Clue: It is not because I am disingenuous
I have been writing under the name Josephina Bonetto off and on since 2008. As time has progressed, Josephina Bonetto has proved to be unwieldy for username character limits so sometimes I shorten it to JoJo Bonetto.
I started using the name because it was my Second Life avatar name. I created it in March 2007 and had to use Josephina because Josephine was taken. It was loosely inspired by Josephine Jo, a Dramarama episode from 1984.
These are the reasons why I have found writing under a pen name helpful
Back when I was employed in an operational, frontline Civil Service role (the Civil Service code, which governs behaviours can be found here), having an unusual name worked against me. If I were to have any semblance of a life outside of work, protection from the public and my employer, I was restricted in the use of my own name. My employer was not averse to policing social media, in fact, they were quite keen on doing it. If you remain logged in, even accidentally, on a work device, to Facebook et al, they could legally access those accounts and this was something they did do. This was why I started using a pen name.
I did have periods when I was self-employed and felt freer but the internet should be approached as permanent. I regularly “cleansed” my social media accounts, even under my pen name.
When I began publishing on Medium, I included some quite personal posts from my counselling training and some articles about my time working as a webcam girl, plus discussed my own sexual assault. It made sense for me to keep the pen name going, not because I am ashamed but because potential employers can be unforgiving. I also do not want colleagues to only see those aspects of my life when they look at me. I am much more than only those experiences.
In reality, a lot of people know what my pen name is, it is not a secret. I see it as a veil, a layer of protection against stalking activity from individuals and employers.
When I was a cam girl, I also had a separate cam girl name. I had a dedicated website, email address running off my own domain name with privacy enabled on it. I also had dedicated social media accounts. I still suffered from stalking, harassment and unauthorised recordings of my shows by customers (they then posted them online, charging people money to view them). Luckily, the shows were indexed under my cam girl name and after a few weeks, they were buried in the bowels of Google, which is as good as not existing at all. The stalking was a delivery guy for a large courier company delivering a parcel to my home address under my real name and then messaged me on a cam-site saying “Hello [Insert Real Name Here]” trying to arrange to have sex with me for money. I should have got him fired, but I felt too ashamed.
Those experiences have made me very pragmatic about privacy. I like to think that I am an open person anyway, within reason, but I also want the space and the freedom to write about experiences that still unjustly attract judgement. The world is not yet evolved enough for me to admit to being a retired cam girl publicly, under my own name. A pen name, like my cam girl name, gives me plausible deniability.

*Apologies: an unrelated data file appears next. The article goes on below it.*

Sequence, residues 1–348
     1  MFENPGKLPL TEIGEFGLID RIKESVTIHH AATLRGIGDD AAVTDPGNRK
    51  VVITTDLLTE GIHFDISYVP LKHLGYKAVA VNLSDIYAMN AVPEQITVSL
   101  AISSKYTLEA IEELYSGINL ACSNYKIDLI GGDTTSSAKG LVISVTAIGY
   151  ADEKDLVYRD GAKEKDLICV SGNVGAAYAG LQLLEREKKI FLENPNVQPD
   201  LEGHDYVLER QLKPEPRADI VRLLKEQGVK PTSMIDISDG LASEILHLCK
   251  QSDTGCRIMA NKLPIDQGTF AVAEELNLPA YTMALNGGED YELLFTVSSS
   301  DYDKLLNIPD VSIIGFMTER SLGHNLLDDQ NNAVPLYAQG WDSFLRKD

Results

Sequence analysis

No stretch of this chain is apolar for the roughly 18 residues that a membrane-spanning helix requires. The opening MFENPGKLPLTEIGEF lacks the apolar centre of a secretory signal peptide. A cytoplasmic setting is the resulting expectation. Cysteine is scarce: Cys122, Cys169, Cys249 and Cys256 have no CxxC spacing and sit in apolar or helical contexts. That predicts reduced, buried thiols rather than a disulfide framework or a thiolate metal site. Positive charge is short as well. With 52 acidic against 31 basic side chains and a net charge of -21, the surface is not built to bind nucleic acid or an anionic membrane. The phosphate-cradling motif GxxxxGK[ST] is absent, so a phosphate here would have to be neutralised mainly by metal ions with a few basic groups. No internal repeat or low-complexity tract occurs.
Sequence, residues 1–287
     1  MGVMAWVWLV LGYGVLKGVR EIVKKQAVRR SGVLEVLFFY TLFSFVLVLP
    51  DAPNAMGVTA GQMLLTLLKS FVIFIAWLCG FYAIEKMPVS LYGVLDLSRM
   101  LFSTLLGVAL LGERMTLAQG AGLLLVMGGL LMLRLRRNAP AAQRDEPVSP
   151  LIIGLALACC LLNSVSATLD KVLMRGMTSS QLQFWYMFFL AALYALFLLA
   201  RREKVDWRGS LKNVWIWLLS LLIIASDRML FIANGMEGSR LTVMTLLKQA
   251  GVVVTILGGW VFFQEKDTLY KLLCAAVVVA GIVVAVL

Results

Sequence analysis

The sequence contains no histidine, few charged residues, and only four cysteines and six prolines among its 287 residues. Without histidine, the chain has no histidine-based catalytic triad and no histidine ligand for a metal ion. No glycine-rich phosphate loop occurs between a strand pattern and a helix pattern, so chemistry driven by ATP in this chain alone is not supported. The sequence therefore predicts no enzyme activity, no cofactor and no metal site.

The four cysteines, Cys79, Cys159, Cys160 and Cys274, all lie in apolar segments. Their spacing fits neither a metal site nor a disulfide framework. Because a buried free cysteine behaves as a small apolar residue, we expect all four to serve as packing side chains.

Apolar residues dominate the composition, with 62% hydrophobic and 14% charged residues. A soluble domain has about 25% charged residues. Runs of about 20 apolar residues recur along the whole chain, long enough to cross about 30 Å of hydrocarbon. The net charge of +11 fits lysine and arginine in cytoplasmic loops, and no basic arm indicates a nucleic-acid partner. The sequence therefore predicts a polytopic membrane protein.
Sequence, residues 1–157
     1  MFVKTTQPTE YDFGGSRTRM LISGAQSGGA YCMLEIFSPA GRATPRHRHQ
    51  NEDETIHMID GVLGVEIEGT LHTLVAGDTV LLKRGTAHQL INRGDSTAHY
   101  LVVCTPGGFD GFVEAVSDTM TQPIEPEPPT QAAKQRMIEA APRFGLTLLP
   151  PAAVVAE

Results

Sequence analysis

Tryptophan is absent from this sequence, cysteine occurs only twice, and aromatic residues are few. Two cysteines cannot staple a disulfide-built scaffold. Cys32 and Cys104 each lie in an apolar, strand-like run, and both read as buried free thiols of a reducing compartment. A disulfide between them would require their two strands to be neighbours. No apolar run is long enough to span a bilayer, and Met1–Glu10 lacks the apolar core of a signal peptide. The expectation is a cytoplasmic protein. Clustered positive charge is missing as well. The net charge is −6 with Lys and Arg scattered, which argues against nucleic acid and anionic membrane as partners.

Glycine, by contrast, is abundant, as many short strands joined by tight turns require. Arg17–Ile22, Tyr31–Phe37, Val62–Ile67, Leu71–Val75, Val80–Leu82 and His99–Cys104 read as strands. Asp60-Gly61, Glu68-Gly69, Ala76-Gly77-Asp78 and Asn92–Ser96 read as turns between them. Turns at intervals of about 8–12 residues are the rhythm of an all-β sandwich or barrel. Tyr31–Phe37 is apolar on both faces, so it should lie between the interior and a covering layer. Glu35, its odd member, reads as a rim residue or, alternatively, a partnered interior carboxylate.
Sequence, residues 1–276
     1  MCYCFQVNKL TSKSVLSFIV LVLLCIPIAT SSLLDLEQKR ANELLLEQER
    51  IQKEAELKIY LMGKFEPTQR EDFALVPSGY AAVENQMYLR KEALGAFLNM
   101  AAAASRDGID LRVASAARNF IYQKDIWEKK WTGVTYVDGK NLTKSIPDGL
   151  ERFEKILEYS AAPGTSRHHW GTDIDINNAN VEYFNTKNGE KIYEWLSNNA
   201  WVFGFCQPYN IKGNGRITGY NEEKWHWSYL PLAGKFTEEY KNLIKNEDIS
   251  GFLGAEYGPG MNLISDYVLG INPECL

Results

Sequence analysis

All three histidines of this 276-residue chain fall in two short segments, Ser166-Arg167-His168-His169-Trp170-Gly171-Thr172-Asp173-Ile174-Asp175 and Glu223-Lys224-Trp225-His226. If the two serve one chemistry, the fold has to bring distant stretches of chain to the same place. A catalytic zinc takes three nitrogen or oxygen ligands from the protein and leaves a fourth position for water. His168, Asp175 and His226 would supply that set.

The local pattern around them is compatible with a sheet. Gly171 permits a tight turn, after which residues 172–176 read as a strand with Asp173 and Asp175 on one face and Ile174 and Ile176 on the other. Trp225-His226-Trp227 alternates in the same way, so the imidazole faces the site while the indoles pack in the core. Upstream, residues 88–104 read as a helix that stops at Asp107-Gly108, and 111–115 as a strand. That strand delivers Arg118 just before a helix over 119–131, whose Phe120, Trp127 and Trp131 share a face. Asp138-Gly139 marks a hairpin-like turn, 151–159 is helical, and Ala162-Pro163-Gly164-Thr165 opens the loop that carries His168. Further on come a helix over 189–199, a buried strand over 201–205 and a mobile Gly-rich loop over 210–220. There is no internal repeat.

When writing about my experience of sexual assault, it is important I have the ability to do that without fear of reprisals on whatever platform I decide to use. Enabling people with those lived experiences to have a voice is crucial to recovery, but also to bring about change.
Dispelling Myths to Increase Awareness
This week, I wrote about Alcoholics Anonymous, who do great work and while I appreciate they are not everyone’s cup of tea, there is no doubt that having some support while recovering from addiction(s) can be helpful to many people.
While I understand and value the protection and privacy the anonymity affords people, I do feel that writing about what it is like to experience an Alcoholics Anonymous meeting can make it feel less intimidating to a newcomer. Having a pen name enabled me to write that post.
Diversity and Equality
I have discussed some negative experiences in the workplace relating to disability, among other things. While most people who know me well will already know about those experiences, there is no doubt in my mind that current and future employers will see me as too much hassle after reading them, and potentially high maintenance. Organisational culture needs to move on more before I can go fully public on those issues, from my own experience. I won’t apologise for using a pen name to write about them.
I recently wrote an article about a well-known triple murder that happened fairly near to where I grew up and not a million miles away from where I live now. It was a gangland murder. I like to think it was well referenced with a sensitively worded disclaimer, and I was ultimately supportive of the gang members who were convicted when it came to the botched investigation, but what if I had not approached the article that way? It is very easy to offend people on the Internet but I don’t really want to be upsetting prominent gang members. I considered not writing the article but decided I was relatively small fry to them, and it would most likely be fine.
I know that having a pen name will never give me 100% protection but at this point, I am just seeking to minimise risk and exposure to other people’s judgements and “issues”. Avoiding drama is not a negative thing.